marathon swimming – why do we do it?

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Sometimes I look at marathon swimming from an outsider’s perspective, and I begin to understand why marathon swimmers are considered by most to be utter nutcases.

Swimming in cold water without the use of a wetsuit. Swimming in deep water with unnamed marine life. Swimming through chop, against currents. Swimming for long hours – 5, 6, 7, more – what on earth do they THINK about during that time? Sometimes even swimming at night. And all of this is done willingly. By choice. But why?

The thing is, the why’s behind marathon swimming are only truly understood if you are – you guessed it – a marathon swimmer. There seems to be an unspoken bond between all marathon swimmers, for there are few experiences in the world that even begin to compare to that of marathon swimming. The long hours. The psychological challenges. The impossible highs, and the all-consuming lows. The adrenaline rushes. The sense of adventure. The intense desire to push yourself, to see what your body and mind are truly capable of. The idea of your fate being completely in the hands of Mother Nature.

But as a marathon swimmer, I’m constantly being asked: why do you do it? And while there are so many different ways to answer that question, and every marathon swimmer will likely have a different answer, I wanted to take some time to shed some light on what marathon swimming means to me.

For my entire life, the ocean has always been the place I go when I’m feeling down. When I’m stressed, sad, lonely, scared – I’ve always found that immersing myself in the waves not only makes me feel better, but also almost always gives me a new perspective on whatever I’m feeling down about. For me, being in the ocean has always been a time for self-reflection, for solving problems, for truly living in the present without worrying about the past or the future.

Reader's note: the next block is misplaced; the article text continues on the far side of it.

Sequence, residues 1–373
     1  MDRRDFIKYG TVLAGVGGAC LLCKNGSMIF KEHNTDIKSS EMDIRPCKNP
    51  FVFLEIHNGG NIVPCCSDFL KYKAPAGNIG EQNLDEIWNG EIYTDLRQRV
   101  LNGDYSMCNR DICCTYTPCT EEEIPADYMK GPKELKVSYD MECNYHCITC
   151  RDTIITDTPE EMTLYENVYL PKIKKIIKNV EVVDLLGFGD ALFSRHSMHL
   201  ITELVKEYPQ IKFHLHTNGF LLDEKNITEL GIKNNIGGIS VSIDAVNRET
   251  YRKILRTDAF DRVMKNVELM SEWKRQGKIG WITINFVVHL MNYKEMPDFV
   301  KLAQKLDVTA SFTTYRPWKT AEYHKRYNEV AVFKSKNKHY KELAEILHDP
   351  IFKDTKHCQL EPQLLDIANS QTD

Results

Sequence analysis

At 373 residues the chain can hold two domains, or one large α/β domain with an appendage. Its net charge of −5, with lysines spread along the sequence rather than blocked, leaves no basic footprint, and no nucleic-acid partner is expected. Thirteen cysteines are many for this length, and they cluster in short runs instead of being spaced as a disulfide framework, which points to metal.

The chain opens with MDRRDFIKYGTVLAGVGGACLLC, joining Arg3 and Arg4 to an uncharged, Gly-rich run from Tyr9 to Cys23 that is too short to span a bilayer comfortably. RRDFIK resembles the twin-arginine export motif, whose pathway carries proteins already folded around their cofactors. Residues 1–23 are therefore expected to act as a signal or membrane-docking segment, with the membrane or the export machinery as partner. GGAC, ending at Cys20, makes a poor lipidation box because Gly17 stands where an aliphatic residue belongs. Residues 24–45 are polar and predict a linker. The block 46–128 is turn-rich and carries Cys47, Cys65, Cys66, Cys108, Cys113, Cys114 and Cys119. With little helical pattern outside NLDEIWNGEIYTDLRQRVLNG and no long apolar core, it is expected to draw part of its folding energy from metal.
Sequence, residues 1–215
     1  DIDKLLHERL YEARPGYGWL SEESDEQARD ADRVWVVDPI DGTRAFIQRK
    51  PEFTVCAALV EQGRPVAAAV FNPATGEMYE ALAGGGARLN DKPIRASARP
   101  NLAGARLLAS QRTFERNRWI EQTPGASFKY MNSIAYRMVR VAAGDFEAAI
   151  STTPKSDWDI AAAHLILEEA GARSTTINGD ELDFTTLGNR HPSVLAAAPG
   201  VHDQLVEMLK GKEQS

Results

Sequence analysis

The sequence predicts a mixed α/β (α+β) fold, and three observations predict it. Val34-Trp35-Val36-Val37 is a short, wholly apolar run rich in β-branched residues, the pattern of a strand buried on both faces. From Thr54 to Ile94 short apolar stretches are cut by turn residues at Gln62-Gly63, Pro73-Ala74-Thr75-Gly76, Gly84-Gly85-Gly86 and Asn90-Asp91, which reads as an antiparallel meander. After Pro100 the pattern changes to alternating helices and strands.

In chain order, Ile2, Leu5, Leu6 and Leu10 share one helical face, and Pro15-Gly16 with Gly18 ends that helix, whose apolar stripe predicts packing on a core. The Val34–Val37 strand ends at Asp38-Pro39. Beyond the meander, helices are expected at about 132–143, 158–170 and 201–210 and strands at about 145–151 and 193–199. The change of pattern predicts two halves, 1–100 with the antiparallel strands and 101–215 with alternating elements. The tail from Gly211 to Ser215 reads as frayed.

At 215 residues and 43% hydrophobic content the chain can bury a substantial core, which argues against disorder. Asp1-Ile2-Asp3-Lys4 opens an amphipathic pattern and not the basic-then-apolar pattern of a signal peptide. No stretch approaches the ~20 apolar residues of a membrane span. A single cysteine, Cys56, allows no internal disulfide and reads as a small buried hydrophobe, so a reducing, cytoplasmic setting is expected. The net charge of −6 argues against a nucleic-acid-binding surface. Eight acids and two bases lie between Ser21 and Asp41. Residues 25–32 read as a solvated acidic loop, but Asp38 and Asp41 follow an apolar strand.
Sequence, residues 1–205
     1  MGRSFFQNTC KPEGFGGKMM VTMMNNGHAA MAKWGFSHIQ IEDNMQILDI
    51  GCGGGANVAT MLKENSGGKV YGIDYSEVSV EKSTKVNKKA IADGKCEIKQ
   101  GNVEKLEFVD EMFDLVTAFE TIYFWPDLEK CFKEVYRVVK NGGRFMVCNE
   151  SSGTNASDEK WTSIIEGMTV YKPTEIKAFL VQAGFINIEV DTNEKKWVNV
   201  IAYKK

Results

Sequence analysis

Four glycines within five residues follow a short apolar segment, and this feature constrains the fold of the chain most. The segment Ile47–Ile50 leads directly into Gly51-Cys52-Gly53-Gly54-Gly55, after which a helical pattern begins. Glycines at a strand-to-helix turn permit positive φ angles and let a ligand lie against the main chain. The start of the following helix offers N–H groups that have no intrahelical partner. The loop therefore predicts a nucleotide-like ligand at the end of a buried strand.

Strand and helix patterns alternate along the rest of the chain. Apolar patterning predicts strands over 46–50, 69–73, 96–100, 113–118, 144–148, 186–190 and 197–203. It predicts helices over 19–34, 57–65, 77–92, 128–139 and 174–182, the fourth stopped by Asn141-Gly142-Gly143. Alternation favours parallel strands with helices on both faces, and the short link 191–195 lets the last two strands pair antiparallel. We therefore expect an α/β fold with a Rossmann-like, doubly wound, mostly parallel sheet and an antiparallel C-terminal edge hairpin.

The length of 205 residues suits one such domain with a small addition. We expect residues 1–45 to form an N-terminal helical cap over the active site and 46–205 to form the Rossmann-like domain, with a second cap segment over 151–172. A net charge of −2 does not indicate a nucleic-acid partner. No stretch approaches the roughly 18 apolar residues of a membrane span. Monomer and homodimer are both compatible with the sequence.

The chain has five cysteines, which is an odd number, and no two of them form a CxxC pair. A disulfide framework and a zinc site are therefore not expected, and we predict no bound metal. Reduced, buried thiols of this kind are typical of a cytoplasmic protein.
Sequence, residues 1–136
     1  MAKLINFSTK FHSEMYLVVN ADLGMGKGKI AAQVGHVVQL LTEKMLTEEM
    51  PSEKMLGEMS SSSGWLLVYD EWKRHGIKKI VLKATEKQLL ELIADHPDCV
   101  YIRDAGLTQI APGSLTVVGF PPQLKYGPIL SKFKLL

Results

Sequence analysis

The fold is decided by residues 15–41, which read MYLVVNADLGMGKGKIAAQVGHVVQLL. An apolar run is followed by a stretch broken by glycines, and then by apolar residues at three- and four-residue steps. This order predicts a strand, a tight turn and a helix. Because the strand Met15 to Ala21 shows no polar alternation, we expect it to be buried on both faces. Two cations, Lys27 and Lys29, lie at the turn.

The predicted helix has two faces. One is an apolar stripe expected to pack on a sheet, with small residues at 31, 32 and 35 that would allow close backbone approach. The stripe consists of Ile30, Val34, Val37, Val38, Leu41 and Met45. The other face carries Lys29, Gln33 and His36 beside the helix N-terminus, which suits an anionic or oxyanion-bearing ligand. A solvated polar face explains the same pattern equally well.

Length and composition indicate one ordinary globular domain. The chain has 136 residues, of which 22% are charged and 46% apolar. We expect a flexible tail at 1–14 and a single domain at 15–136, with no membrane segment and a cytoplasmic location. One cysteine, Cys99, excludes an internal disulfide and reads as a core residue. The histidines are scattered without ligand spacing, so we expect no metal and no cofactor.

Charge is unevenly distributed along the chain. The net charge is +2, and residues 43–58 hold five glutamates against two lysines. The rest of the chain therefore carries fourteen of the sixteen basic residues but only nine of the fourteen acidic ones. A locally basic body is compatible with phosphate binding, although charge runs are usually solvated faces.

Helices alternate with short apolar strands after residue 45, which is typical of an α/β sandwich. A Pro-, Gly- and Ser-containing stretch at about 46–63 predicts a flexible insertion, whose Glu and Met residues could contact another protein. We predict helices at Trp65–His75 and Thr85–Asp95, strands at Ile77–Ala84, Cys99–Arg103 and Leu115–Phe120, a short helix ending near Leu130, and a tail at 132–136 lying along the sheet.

A few years ago, I was in a pretty bad place in my life. I no longer wanted to go to swim practices, or hang out with my friends, or go to the ocean, or really even leave my room. I won’t go into the details but this period lasted a while. It seemed like it would never end. And then one day, I read something that inspired me to go to the beach. It must have been my first time going to the beach in months. And it sounds crazy and cliche, but when I was in the ocean that day, that was when I finally realized that everything was going to be okay. It would be a rocky ride, sure, but I knew that I could always go to the ocean and it would always help me feel better when I’m feeling down.

From then on, ocean swimming became something that I not only wanted to do, but something I needed to do. I found a group of swimmers that trained every morning at Leadbetter, and I joined them as often as I possibly could. Ocean swimming was an essential part of my recovery. Since then ocean swimming has taken on entirely different meanings for me, but it will always be something that I do for my emotional wellbeing. I am now in a much better place in my life and I know I don’t need ocean swimming, but it is something that I will continue to do because it gives me immense joy.

There is something so exciting and so motivating about being able to look across a stretch of water, see the shore on the other side, and say, hey, maybe I can swim that. It is the nature of a marathon swimmer to want to push yourself, to want to see what you’re truly capable of. And that’s one of the things that captured me about marathon swimming: the fact that our bodies and our minds are capable of SO MUCH MORE than we think. For most, marathon swimming is much more of a mental and a spiritual journey than a physical journey. When we are pushing our bodies and our minds to their limit, we discover so much about who we are as people.

There is so much more I could say about this incredible sport, but I’m going to leave it at that because it’s already getting long. I hope this post inspires someone to try out swimming, or to simply start spending more time outside. Marathon swimming is something that has completely changed my life for the better, and I know I’m not the only one.

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